Helen Kisakye, Uganda

Helen Kisakye, Uganda

Bringing a message of love, hope and inclusion for people with disabilities in Uganda through leading SPLASH inclusive dance group.

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People with disabilities face many challenges in Uganda due to a lack of both understanding and positive role models. I started SPLASH Inclusive Dance Group in 2017 with the aim of bringing a refreshing message of love, hope and inclusion for people with disabilities in Uganda.

Get all Helen’s news and updates:

  • Voice of violence, or voice of hope?

    When you think of eastern Congo, what is the first thing that comes to mind? I guess it will have something to do with war, violence around tribal differences and natural resources. The latest BBC stories about this region are describing the fight between the M23 rebels and the government army around the city of […] Read more

  • Tanzania: Marburg virus

    Five people in the north-west of the country have died of Marburg virus, and the authorities are working hard to curb the spread of the virus. Pray for the disease to be stopped in its tracks. Read more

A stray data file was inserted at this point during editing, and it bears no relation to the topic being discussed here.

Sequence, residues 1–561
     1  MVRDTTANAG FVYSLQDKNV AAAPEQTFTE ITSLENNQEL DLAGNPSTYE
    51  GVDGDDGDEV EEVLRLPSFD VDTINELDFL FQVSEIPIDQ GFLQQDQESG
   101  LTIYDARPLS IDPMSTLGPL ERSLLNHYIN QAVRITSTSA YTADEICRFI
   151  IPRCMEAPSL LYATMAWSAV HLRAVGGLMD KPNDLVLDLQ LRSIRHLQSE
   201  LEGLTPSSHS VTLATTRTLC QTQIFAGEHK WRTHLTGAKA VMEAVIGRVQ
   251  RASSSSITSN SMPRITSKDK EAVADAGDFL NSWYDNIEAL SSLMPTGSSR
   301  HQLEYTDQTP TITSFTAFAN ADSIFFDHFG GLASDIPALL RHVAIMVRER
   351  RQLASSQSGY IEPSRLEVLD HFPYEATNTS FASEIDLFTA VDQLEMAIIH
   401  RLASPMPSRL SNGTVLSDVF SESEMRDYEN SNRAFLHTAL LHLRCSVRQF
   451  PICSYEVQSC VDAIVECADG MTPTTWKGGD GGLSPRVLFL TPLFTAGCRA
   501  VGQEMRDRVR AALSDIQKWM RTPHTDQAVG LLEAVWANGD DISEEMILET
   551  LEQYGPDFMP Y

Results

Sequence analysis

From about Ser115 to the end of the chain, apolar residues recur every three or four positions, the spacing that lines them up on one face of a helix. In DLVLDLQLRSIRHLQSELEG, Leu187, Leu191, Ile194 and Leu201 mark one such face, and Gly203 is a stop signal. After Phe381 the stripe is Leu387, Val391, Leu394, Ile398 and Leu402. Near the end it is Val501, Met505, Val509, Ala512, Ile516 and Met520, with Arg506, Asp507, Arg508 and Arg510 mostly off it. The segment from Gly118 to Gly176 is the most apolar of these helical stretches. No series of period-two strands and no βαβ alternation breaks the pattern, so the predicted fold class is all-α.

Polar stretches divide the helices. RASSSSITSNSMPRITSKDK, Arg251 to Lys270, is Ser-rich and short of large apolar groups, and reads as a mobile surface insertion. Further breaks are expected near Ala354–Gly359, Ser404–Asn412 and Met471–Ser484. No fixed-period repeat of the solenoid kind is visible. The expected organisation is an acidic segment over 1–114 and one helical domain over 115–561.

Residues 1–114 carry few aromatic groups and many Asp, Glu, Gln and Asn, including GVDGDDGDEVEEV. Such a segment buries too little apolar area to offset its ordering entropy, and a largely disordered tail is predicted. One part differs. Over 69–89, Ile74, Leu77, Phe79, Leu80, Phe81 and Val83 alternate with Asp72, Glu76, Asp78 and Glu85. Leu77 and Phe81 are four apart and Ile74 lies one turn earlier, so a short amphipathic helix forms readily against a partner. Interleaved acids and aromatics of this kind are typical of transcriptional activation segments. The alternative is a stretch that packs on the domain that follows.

Helen’s story

SPLASH registered officially as an organisation in 2021 and we wish to grow partnerships both locally and internationally to lay foundations for sustainability. Each week the core team will take space for meditation. We will also hold training to develop the creative and performative skills of the dancers as we prepare new repertoire for different platforms.

In addition to SPLASH Dance Company, I am also working at CRANE (Children at Risk Action Network). CRANE’s vision is to enable “children to be safe, well and fulfilling their God-given potential”. In Uganda girls struggle to reach higher education levels, so CRANE has developed a programme to address this. One of the challenges that I have been involved in addressing is that of limited creativity in teaching methods. I have designed a “Dance Teachers Handbook” which I am training teachers to use, encouraging them to try new learning processes to engage learners.

I was born in Uganda to missionary parents and lived there for the first six years of my life. This made a lasting impression on me and a gap year in Uganda after college confirmed my calling. At university I studied dance and theology and went on to do an MA in choreography. I studied dance because it has been personally a place for me to connect with others and express issues of importance in an effective way. I have found dance to be a continual way of building bridges where words sometimes break them. God has opened doors in amazing ways and his love is the driving force in my work.

Through the connections with churches in the UK and overseas that Church Mission Society has, I am able to thrive using the gifts God has given me. It is great to be part of a wider community to draw on at any given time. My husband and child also enjoy being part of the Church Mission Society family.

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